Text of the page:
Dark Chocolate and Diabetes: The Benefits of This Tasty Snack
 
Dark Chocolate and Diabetes: The Benefits of This Tasty Snack

Dark Chocolate and Diabetes: The Benefits of This Tasty Snack

Hardly a day goes by without a media source advising us to "Eat a tomato each day for better skin," "have a glass of red wine each night with dinner" — or some other dietary directive. Perhaps you've heard about the potential health benefits of dark chocolate and diabetes. But is it true?

Chocolate fans, rejoice! Yes, in fact, this snack could lower your diabetes risk according to Endocrine Abstracts. Daily consumption of dark chocolate is associated with positive effects on insulin sensitivity and blood sugar — two key factors in developing diabetes. But before you jump and start incorporating chocolate into meals, make sure you know the facts.

The Link Between Dark Chocolate and Diabetes

The secret of how dark chocolate works against diabetes lies within the sweet snack's makeup. Dark chocolate contains polyphenols, which are naturally occurring compounds that have antioxidant properties (which protect the body from damage caused by harmful molecules). Polyphenols in dark chocolate may improve insulin sensitivity, or how well insulin works in the body. This, in turn, may help control blood sugar, according to research published in Endocrine Abstracts. Such improved insulin sensitivity may delay, or even prevent, the onset of diabetes.

A study published by the journal Appetite found that people who eat chocolate, including dark chocolate, at least once a week had a lower prevalence of diabetes and were at lower risk for diabetes four to five years later. The analysis of 908 nondiabetic people and 45 people with diabetes discovered that people who ate such chocolate less than once weekly were at twice the risk of diabetes versus those who ate it more than one day per week.

But what if you already have diabetes? Well, there may be some benefits of dark chocolate consumption for you, too. Research presented by ARYA Atherosclerosis analyzed people diagnosed with Type 2 diabetes who consumed 25 grams of either dark or white chocolate for eight weeks. Those who ate dark chocolate had lower blood pressure after eight weeks than those who ate white chocolate. The dark chocolate eaters also had decreased fasting blood sugar.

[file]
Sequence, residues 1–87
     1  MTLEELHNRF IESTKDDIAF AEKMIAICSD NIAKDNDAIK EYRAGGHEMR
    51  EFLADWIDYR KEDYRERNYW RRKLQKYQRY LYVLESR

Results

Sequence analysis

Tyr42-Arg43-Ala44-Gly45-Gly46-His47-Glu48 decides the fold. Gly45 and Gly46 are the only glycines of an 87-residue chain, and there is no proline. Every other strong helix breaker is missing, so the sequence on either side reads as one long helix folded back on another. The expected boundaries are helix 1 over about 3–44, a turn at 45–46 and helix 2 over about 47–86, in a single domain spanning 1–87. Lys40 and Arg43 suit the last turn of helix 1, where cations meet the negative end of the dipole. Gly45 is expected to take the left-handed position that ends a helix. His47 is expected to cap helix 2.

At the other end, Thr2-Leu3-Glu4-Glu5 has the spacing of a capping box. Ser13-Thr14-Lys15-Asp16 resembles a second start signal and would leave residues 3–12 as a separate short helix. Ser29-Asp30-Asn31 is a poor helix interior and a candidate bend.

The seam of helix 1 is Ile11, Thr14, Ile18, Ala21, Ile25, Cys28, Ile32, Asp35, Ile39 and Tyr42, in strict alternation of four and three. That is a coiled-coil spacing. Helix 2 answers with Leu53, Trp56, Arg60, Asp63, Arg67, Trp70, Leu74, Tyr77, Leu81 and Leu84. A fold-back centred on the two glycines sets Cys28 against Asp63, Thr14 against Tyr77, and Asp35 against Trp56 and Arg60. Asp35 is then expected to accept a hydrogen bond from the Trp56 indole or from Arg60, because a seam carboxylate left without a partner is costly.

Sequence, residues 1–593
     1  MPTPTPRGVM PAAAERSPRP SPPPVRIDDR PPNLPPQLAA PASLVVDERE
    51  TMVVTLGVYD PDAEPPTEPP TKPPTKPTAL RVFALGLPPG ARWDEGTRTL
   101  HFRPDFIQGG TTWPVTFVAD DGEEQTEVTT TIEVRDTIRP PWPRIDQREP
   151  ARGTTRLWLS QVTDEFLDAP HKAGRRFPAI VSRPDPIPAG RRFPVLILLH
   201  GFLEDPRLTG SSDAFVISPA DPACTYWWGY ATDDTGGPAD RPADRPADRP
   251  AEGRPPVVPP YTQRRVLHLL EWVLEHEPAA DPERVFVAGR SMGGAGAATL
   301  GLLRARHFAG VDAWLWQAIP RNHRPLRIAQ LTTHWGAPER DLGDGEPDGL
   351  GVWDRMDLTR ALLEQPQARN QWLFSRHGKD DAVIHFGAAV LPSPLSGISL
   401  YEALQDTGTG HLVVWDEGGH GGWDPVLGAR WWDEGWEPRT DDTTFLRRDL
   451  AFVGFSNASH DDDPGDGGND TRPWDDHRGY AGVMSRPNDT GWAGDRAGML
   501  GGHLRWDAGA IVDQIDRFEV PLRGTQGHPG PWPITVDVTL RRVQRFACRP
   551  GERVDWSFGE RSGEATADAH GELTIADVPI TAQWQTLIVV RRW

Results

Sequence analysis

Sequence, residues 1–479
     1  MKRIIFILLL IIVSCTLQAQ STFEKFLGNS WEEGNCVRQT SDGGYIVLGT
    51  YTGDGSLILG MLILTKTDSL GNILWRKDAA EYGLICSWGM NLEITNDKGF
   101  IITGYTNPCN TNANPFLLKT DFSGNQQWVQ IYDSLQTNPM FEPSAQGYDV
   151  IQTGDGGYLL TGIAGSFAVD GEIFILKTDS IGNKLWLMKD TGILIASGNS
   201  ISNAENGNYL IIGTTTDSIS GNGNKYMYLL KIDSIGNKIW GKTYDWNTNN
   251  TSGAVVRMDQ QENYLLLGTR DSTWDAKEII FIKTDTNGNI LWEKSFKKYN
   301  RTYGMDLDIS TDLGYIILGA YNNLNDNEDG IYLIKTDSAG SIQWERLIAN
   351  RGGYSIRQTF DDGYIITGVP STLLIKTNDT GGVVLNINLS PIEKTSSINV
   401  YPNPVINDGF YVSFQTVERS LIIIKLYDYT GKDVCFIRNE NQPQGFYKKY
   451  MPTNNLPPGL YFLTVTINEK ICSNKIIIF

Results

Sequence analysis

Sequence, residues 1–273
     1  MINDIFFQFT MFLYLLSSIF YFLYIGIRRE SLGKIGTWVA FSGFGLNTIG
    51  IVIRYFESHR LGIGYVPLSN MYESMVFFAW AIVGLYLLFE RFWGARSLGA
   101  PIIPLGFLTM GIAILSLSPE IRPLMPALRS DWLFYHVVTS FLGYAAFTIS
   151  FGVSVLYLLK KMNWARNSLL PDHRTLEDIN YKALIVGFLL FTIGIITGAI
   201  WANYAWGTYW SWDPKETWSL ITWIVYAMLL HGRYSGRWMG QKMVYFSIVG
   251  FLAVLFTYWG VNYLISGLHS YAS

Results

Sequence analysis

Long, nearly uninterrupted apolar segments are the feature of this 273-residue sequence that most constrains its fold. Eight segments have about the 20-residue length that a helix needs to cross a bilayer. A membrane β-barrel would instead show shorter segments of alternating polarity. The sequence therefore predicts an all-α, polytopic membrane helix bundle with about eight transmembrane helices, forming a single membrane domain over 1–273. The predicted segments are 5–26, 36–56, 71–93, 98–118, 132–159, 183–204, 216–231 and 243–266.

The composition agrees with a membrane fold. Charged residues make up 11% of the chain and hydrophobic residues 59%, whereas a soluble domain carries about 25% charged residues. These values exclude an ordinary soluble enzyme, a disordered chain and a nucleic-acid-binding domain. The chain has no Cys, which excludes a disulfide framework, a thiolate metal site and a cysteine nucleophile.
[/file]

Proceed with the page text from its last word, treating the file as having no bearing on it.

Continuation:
The Right Dark Chocolate For You

So you're ready to buy up your supermarket's inventory of dark chocolate? Not all chocolate is created equal. Remember, it's the polyphenol-rich dark chocolate that contains antioxidants, and the higher percentage of cocoa yields better health advantages, according to Bastyr University.

Read the nutrition facts to ensure you're getting most out of the snack. Experts at Bastyr recommend choosing a dark chocolate that has at least as much fiber as sugar. Also, check if the dark chocolate has been processed with alkali (the process that makes cocoa less bitter, but it eliminates the health properties in the chocolate). Opt instead for a dark chocolate that has not been processed.

Enjoy Dark Chocolate in Moderation

Remember that consuming too much of a good thing may have negative effects. Commercial chocolate may add fat, sugar and calories to the candy. The Cedars-Sinai medical center cautions that people with diabetes shouldn't use chocolate as a way to boost low blood glucose, because the fat in chocolate prevents your glucose from rising quickly. As always, consult a medical professional, such as a physician or registered dietitian, before modifying your diet or insulin use.